Modern Day Boldness Part 3: The Challenges of Young Adults in Following Jesus Christ

1Peter 3:15a  “Sanctify Jesus Christ as Lord in your heart.”

Amy Orr-Ewing, Director of the Oxford Centre for Christian Apologetics, leads ‘REBOOT’, where they teach teenagers how to live out 1 Peter 3:15 = “Sanctify Jesus Christ as Lord in your hearts. Always be prepared to give a defense to everyone who asks you to give a reason for the hope that is in you, with gentleness and respect”.  Her London REBOOT conference recently drew 1,300 teenagers.

Amy is passionate about apologetics as the means of engaging our young generation’s questions and issues with answers from a Christian worldview perspective, focusing on the Person of Jesus Christ. In a recent speech entitled “Meeting the Challenges of Reaching Today’s Young People”, she described the general characteristics that define “Generation Z” (ages 18-23) and “Millennial” young adults (ages 24-38).

“Gen Z’s are internet experts. They are online nearly all the time. They can find answers to their questions on the internet at warp speed. They prefer digital conversations over face-to-face. They are entrepreneurial, hoping to turn their hobbies into careers. And they are very stressed out.

Millennials are technologically advanced. They value friendship networks. They gravitate toward high levels of activism. They tend to be very idealistic (‘anything is possible’). They also tend to feel entitled. As they are aging, though, their idealism is crumbling, as things are getting farther beyond their reach. They tend to have massive financial debt, and along with that an increasing sense of disillusionment.”

Since I spend a good deal of my time with young adults, I can confirm her descriptions. But the most alarming part of her speech came when she gave us the three challenges in reaching them: 1) 45% of teenagers do not know a practicing Christian, 2) the church is almost nowhere on their radar, and 3) their questions and doubts are rarely if ever addressed in churches. A very sobering message.

So, when you do see a Gen Z’er in one of the most prestigious spotlights in American culture – the #1 pick in the NFL Draft – explain that his identity is in Jesus Christ and not football, everyone stops for a second to make sure they heard what he said. That is how Trevor Lawrence, age 21 and former Clemson University quarterback, answered sportswriter questions on how being drafted #1 has changed his life.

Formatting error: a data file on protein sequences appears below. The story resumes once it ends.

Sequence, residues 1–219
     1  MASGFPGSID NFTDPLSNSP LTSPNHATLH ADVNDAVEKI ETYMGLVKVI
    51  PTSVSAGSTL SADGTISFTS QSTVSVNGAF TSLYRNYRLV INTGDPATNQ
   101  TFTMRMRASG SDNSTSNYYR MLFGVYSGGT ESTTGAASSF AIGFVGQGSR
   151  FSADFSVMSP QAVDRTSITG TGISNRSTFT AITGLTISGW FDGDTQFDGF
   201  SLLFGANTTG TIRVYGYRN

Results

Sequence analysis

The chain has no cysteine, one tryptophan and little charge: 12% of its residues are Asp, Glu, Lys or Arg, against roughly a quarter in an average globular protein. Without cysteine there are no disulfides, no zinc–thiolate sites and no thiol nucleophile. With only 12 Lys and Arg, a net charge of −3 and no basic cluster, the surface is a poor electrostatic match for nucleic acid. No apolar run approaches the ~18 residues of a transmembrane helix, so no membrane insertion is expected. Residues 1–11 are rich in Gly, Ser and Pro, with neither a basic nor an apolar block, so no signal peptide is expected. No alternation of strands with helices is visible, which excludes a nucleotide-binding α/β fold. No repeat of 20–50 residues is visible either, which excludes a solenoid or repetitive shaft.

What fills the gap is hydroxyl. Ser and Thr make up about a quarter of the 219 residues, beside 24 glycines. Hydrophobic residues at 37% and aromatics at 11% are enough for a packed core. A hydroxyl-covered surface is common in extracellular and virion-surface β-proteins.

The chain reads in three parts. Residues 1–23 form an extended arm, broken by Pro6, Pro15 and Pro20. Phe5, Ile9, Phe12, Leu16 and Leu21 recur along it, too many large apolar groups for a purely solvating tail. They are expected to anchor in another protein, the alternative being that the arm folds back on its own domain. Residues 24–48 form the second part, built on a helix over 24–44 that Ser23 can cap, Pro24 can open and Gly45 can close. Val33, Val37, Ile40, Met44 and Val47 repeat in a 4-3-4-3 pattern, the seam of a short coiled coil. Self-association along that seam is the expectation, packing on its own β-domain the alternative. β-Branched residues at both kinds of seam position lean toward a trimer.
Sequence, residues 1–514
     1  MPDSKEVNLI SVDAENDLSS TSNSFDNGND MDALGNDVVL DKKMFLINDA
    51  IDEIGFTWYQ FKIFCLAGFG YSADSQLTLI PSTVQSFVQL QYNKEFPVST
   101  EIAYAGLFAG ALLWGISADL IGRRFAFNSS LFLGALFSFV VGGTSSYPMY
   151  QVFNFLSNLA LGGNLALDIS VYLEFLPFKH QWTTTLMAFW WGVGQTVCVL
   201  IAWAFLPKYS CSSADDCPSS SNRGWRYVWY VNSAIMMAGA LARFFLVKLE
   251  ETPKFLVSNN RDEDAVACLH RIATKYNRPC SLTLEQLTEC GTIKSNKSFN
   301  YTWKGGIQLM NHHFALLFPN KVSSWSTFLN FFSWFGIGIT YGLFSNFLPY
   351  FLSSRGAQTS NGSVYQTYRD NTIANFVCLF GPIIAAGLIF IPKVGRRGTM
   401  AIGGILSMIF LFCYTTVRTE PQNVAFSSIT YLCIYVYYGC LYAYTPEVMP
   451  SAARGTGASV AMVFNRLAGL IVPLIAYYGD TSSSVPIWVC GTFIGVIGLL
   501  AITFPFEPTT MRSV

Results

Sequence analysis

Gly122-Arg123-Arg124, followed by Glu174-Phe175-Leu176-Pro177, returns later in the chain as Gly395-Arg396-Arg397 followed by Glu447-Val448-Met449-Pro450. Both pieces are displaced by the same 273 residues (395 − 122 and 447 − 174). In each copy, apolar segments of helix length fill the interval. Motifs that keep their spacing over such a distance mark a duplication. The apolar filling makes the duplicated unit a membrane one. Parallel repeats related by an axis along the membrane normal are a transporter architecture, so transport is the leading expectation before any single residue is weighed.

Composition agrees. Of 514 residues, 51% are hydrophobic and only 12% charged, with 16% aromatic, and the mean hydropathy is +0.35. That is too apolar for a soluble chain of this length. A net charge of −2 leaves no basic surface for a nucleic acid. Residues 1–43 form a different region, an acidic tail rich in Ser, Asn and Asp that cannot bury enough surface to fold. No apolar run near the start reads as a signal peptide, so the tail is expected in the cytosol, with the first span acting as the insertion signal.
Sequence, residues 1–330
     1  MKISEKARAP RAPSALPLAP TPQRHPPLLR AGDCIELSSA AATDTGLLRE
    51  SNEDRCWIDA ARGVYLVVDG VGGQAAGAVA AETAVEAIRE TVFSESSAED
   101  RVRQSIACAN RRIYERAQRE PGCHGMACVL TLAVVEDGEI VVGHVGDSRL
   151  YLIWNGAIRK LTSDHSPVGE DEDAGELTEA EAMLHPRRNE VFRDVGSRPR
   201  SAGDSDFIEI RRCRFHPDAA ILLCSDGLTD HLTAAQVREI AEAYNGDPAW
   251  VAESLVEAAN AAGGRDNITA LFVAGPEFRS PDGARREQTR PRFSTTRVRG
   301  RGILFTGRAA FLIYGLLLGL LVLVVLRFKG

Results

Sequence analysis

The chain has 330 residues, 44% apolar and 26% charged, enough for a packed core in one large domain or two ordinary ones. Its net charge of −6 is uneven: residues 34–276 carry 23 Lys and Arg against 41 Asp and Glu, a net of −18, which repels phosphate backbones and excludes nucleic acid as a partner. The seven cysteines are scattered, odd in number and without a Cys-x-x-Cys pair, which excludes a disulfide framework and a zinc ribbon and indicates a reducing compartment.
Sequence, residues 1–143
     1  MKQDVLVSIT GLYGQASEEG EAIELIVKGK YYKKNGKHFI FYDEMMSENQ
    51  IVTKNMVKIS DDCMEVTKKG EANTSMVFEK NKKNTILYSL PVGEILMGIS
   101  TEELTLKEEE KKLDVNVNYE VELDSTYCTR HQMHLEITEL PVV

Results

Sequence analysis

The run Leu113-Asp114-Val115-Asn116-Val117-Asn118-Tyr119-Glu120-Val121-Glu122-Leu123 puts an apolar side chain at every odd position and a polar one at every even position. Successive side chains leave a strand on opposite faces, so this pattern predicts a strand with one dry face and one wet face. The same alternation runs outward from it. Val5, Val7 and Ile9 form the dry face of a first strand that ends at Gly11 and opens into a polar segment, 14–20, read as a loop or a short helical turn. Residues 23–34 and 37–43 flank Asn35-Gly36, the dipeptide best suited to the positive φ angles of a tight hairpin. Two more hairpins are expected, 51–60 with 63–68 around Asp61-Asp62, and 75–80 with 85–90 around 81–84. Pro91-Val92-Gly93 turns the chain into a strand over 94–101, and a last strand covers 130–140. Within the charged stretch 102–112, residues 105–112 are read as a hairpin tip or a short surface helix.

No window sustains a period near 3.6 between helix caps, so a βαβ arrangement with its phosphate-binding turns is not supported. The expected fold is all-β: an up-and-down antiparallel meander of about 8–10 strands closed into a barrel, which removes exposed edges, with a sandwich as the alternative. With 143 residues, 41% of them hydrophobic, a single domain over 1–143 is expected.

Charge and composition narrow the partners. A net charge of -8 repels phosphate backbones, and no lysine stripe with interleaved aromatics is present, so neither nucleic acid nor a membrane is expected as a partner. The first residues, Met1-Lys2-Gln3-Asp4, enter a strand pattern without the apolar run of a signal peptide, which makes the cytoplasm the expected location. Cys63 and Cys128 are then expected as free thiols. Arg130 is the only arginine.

“Football is important to me, but it is not the biggest thing in my life. My faith is. This comes from knowing who I am outside of football. No matter how big the situation is, it is not going to define me. I put my identity in what Christ says and who He thinks I am. At the end of the day, it doesn’t really matter what people think about me or how good they think I play. It doesn’t really matter. That’s definitely been a big thing for me – just knowing that and having confidence in that.” What was the reaction of the Sports community?

Breakpoint leader John Stonestreet, in his article ‘Does Trevor Lawrence Have Too Much Character to be the NFL’s #1 Pick?’, provides an answer for us: “The only doubts that exist about Lawrence’s potential in the NFL have nothing to do with talent or poise, but are about his character. That is, some pundits worry Lawrence has too much character. In a recent interview with Sports Illustrated, Lawrence said, ‘I don’t have this huge chip on my shoulder, that everyone’s out to get me and I’m trying to prove everybody wrong.’ As if that were not troubling enough, he clarified, ‘There’s also more in life than playing football.’

As a committed Christian, who is very public about his faith and the way it shapes his life, one of the things Lawrence considers more important than football is Jesus. He also apparently has a thing for family.

This fed a narrative that Lawrence, like other Christian athletes, is too ‘soft’ and lacks the monomaniacal focus required to succeed in football. The perspective, balance, and priorities shaped by a sincere faith are somehow liabilities and obstacles to athletic success. When Lawrence tweeted, ‘I am secure in who I am, and what I believe. I don’t need football to make me feel worthy as a person,’ the critics pounced.

In a world of ‘expressive individualism,’ things like character and virtue and integrity seem old-fashioned. Still, it is these old-fashioned ideas our ailing young men, and our ailing society, need the most!”

Trevor Lawrence is a Gen Z’er who lives out 1Peter 3:15 – he publicly claims that his highest priority in life is our verse for this week: “sanctify Jesus Christ as Lord in your heart”. This, not NFL Football or any other sport, is how to transform American culture. And it must be through our upcoming young generation.

The Evidence of Faith’s Substance – Article #447

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